Science

Google panics over ChatGPT and turns to AI in 2023

According to reports in The New York Times, the recent launch of the OpenAI ChatGPT AI chatbot has raised concerns at Google. According to the post, Google is now planning to ramp up the adoption of artificial intelligence products after a popular tech competition like ChatGPT.

Google, which is run by parent company Alphabet, has been wary of adding AI-based technology to its suite of services. However, the company now expects to announce more than 20 AI-based projects during 2023, the publication adds. In addition, the Times claims that Google plans to “demonstrate a demo version of its search engine with chatbot features this year.”

Plans for the transition to artificial intelligence were formulated in the announcement of the layoff of 12,000 Google employees.

Google is already known for investing heavily in artificial intelligence. However, The Times also reported that Sundar Pichai, CEO of Google and Alphabet, sought advice from the company’s founders, Larry Page and Sergey Brin, who stepped down from active positions in 2019. They had to participate in meetings with leaders. in December 2022, where they were able to “approve plans and submit ideas”.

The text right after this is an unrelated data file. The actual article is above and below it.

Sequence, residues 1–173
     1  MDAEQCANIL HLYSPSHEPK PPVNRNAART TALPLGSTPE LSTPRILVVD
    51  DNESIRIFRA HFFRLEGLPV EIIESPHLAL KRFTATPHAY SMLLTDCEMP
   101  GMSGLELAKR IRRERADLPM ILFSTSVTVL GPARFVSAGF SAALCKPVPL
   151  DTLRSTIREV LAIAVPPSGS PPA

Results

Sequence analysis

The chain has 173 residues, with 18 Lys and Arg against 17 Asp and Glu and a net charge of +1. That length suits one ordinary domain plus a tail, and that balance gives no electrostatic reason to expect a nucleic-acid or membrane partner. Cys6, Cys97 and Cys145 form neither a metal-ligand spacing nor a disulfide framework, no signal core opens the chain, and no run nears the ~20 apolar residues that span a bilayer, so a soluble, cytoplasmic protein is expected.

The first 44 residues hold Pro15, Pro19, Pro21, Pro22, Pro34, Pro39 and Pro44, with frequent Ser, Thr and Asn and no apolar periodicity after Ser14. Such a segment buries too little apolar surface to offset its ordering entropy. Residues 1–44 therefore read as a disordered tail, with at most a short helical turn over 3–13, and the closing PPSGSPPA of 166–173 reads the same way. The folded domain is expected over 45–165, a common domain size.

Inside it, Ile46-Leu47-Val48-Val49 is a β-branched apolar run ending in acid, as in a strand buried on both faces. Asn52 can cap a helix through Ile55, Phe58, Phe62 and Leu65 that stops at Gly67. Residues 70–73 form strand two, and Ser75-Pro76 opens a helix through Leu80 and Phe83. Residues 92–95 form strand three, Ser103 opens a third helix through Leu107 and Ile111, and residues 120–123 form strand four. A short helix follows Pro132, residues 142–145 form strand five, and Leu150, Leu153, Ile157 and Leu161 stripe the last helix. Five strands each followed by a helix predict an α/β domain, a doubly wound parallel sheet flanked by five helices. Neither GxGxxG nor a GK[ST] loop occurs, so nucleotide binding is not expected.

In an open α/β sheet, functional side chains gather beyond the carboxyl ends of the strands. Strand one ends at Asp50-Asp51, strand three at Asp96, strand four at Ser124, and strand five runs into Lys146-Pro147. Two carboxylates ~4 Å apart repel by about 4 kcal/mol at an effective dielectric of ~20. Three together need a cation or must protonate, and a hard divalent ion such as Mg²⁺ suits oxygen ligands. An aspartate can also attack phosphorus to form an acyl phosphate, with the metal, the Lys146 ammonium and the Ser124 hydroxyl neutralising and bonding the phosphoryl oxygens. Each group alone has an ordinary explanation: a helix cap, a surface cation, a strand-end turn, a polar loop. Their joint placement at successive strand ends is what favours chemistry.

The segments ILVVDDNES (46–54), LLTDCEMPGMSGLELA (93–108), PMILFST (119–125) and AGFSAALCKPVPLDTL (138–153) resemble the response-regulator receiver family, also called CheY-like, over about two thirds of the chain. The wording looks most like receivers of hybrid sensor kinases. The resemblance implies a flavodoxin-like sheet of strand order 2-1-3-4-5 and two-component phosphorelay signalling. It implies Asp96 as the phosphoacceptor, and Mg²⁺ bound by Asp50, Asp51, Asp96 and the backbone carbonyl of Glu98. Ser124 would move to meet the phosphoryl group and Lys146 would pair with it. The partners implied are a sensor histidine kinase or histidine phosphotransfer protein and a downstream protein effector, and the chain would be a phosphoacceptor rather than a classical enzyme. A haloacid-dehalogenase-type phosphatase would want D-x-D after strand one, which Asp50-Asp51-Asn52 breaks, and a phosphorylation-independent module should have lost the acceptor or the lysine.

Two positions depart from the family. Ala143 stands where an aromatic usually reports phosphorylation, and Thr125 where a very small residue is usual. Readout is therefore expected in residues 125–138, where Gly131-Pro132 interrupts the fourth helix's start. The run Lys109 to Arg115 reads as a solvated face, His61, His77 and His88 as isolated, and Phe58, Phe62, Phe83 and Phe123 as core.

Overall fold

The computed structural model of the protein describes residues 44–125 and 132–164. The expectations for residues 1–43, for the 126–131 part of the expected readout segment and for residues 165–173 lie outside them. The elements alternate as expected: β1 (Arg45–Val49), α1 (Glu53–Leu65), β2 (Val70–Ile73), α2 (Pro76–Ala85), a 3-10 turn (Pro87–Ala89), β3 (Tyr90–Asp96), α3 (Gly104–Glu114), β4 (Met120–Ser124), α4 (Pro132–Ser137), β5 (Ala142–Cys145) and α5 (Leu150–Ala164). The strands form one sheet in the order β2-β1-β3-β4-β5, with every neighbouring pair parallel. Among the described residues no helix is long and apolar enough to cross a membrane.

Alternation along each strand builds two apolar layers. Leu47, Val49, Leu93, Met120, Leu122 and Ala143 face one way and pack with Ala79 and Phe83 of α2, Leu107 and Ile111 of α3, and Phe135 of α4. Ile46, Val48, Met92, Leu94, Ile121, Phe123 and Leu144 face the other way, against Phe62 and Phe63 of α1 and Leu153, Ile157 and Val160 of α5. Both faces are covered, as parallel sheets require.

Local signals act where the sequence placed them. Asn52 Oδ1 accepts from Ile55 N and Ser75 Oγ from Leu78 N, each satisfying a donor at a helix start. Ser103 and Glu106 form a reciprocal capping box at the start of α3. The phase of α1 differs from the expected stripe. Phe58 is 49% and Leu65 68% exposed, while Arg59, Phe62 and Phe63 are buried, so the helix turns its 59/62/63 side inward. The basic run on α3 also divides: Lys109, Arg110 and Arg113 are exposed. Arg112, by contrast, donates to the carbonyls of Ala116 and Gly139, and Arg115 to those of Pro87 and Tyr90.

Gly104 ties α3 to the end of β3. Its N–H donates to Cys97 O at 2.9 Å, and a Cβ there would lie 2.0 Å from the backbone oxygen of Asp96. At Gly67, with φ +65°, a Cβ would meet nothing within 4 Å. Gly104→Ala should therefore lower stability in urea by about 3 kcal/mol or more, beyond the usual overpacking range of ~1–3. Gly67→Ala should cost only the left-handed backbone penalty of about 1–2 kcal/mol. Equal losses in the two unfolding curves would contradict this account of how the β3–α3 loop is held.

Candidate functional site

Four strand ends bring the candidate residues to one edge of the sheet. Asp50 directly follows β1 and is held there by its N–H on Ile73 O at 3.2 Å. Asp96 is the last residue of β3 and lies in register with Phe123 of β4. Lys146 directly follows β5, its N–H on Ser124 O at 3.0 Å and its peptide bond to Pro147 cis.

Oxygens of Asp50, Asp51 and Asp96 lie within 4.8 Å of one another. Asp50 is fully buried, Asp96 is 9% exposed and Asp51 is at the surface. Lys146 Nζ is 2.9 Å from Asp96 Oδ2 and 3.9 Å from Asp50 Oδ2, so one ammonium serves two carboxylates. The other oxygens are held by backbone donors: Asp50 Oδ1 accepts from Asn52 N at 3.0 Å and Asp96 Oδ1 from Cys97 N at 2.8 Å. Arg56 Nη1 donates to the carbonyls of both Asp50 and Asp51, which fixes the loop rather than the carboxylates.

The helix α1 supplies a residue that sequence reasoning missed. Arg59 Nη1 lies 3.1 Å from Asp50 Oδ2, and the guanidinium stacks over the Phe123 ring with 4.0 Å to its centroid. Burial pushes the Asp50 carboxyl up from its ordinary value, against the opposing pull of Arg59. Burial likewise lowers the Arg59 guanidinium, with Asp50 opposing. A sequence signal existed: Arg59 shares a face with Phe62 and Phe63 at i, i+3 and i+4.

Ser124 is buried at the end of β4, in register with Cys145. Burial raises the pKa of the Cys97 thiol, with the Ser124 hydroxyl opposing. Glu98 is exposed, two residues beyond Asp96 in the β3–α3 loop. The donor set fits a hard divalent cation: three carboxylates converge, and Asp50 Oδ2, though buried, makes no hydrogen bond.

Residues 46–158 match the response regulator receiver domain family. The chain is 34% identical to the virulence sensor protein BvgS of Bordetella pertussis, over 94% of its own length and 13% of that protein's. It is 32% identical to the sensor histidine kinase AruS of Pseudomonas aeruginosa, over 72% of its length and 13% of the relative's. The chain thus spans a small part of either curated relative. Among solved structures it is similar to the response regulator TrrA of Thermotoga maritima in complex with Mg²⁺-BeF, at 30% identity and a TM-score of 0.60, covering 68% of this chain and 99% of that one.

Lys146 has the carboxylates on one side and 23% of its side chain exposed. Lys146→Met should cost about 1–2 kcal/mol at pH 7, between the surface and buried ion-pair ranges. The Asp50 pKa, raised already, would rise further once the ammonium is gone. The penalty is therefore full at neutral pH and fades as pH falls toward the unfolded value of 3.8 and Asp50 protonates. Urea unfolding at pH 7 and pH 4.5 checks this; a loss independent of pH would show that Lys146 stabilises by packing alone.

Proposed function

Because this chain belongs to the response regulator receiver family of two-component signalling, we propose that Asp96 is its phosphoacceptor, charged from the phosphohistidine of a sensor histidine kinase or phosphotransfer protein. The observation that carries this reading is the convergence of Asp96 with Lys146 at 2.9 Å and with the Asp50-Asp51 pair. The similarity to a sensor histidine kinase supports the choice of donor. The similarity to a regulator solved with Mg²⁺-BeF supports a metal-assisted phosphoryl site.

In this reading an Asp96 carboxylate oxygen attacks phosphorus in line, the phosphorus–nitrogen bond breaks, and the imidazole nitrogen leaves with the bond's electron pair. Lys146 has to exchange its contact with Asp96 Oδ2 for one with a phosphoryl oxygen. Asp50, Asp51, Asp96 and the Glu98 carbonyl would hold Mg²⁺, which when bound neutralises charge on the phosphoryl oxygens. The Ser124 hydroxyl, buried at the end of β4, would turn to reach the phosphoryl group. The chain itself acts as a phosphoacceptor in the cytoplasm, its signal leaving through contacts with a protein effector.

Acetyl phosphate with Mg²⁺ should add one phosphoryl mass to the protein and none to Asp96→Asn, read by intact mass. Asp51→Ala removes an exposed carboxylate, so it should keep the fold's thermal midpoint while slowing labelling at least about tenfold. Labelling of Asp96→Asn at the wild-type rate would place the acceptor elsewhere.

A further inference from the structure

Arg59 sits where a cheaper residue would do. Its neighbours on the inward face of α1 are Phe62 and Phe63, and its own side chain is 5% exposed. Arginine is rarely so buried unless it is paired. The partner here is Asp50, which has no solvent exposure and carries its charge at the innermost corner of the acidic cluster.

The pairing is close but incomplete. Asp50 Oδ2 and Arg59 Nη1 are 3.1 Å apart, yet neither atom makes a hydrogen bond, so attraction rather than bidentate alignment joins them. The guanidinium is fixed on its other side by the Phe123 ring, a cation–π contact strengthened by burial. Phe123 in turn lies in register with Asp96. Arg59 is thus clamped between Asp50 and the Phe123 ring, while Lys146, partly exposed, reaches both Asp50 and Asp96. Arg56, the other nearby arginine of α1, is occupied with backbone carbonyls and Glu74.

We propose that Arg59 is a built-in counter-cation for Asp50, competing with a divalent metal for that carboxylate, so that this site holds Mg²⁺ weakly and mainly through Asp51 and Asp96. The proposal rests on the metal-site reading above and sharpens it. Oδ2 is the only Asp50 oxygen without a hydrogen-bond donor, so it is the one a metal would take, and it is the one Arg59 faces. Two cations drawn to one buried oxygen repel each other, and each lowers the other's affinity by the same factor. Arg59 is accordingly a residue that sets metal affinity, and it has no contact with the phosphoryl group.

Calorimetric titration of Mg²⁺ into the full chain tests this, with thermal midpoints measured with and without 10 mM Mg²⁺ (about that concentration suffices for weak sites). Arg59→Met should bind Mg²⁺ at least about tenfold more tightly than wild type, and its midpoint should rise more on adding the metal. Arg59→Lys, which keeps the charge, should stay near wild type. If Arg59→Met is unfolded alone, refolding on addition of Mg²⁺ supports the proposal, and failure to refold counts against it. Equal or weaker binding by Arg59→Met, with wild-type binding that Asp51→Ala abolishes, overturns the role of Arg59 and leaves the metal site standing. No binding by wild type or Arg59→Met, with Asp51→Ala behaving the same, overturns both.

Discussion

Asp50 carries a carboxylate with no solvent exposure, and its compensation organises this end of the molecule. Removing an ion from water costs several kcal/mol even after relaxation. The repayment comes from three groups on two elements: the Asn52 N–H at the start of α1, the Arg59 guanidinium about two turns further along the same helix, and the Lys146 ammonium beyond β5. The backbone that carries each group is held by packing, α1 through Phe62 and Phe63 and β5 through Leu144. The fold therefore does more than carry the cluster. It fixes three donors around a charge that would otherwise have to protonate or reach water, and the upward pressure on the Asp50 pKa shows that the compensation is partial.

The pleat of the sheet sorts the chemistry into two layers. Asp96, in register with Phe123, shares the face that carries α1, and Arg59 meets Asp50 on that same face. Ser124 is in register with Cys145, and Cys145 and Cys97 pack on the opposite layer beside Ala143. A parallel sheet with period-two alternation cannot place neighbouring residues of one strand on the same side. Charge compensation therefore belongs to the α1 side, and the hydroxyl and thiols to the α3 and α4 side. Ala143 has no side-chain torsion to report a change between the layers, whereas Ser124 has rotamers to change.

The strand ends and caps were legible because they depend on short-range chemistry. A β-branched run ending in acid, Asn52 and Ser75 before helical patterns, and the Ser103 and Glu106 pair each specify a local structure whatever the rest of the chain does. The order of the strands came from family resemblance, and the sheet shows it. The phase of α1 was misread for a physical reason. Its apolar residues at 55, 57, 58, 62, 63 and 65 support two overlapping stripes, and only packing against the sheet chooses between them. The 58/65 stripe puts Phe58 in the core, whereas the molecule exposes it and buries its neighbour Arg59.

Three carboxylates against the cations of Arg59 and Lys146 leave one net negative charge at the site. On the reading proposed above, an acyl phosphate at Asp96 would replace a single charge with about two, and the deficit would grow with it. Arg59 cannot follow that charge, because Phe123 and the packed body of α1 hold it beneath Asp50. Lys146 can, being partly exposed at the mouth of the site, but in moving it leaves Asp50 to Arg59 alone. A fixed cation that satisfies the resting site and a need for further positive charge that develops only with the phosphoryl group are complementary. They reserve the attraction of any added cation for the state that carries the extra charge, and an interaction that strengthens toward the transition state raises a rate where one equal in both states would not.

Google’s upcoming AI products could potentially be announced at the I/O Developers Conference in May. A brand can basically present a demo of its own AI chatbot that will focus on ethics and accuracy of information.

Multiple tools including development tool

The Times report also says that Google plans to announce an image studio capable of generating and modifying images, a browser called MakerSuite, which includes tools for companies to create AI prototypes, and a number of developments. One of them is called PaLM-Coder 2 and works similar to Microsoft’s GitHub Copilot. The other is called Colab + Android Studio and lets you create apps for smartphones.

Previously, Google feared that pushing AI too hard could negatively impact the industry’s relationship with the brand, but now the company appears to be worried about what will be left behind. In addition to the ChatGPT chatbot, many text-to-image generators and a number of AI-powered productivity platforms have caught the attention of the Internet in recent weeks.

Other big tech brands have also announced plans to use AI in their existing products and services. Microsoft has announced its intention to work with the GPT-3 language to implement AI features in its Office suite, including Outlook, Word, and PowerPoint.

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